Today, artificial intelligence is coming out of the shadows and just about every major company has an active artificial intelligence program. From Apple’s Siri to IBM’s Watson to literally hundreds of other applications under development, thinking machines are beginning to permeate our everyday lives.
The Machines Take Over
Like most new technologies, artificial intelligence first gained traction as a way to replace cheap labor. Robots have been working in factories for decades, so it’s not particularly surprising that today we have lights out factories and warehouses that are fully automated, needing just a bare bones staff to monitor them.
Now computers are also doing jobs once thought of as not only innately human, but within the realm of educated professionals. MD Anderson, a world class cancer center in Houston, developed the Oncology Expert Advisor with IBM to work alongside doctors. In law offices, software is replacing thousands of man hours devoted to legal discovery.
Today, computers are even being deployed to assess creative works. Major record labels use software to determine the commercial viability of new songs and send them back to the artists with recommendations if they don’t pass muster. Movie studios also run screenplays through a computer program to evaluate their potential.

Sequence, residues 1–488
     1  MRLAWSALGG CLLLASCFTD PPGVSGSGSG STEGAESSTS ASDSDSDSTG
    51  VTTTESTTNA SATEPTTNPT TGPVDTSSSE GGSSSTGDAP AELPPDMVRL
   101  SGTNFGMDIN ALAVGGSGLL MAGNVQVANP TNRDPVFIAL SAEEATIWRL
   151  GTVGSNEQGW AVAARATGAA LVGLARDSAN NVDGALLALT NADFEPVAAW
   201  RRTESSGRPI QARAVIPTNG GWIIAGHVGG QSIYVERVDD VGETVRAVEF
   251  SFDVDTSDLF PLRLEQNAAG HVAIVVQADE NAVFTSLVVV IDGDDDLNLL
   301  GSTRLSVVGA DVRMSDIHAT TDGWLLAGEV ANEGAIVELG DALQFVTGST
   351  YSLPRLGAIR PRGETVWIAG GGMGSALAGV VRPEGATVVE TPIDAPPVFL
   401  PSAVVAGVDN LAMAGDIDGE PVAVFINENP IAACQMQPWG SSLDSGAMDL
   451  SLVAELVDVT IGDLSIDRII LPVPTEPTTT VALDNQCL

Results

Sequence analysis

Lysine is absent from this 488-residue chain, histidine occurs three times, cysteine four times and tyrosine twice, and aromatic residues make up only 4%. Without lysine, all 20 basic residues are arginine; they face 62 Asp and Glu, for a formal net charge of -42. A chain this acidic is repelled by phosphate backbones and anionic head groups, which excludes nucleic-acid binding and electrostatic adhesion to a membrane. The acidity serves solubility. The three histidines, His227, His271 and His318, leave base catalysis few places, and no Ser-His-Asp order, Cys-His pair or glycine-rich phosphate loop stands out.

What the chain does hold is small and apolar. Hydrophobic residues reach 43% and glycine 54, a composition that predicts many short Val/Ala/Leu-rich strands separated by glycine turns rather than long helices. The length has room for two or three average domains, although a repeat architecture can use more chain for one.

The economic potential of machines that can perform human tasks is staggering. Experts estimate that driverless cars alone might be worth trillions, but just as the benefits are real, so are the potential costs.
The Social Challenge
The obvious question that all of this raises is, if computers are doing the work of humans, what are all the people going to do? We work, after all, not just for bread, but for dignity and purpose. The automation of labor is nothing less than the great social dilemma of our generation.